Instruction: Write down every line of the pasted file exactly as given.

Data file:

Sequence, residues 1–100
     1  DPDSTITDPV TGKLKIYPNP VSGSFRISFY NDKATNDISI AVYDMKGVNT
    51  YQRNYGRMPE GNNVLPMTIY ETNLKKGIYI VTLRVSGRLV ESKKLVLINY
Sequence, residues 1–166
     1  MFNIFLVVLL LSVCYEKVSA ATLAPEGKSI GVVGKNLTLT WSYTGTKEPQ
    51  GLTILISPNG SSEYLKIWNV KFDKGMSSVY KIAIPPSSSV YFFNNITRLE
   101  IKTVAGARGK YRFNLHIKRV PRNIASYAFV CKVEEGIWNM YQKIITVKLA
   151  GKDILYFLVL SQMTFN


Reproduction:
Sequence, residues 1–100
     1  DPDSTITDPV TGKLKIYPNP VSGSFRISFY NDKATNDISI AVYDMKGVNT
    51  YQRNYGRMPE GNNVLPMTIY ETNLKKGIYI VTLRVSGRLV ESKKLVLINY
Sequence, residues 1–166
     1  MFNIFLVVLL LSVCYEKVSA ATLAPEGKSI GVVGKNLTLT WSYTGTKEPQ
    51  GLTILISPNG SSEYLKIWNV KFDKGMSSVY KIAIPPSSSV YFFNNITRLE
   101  IKTVAGARGK YRFNLHIKRV PRNIASYAFV CKVEEGIWNM YQKIITVKLA
   151  GKDILYFLVL SQMTFN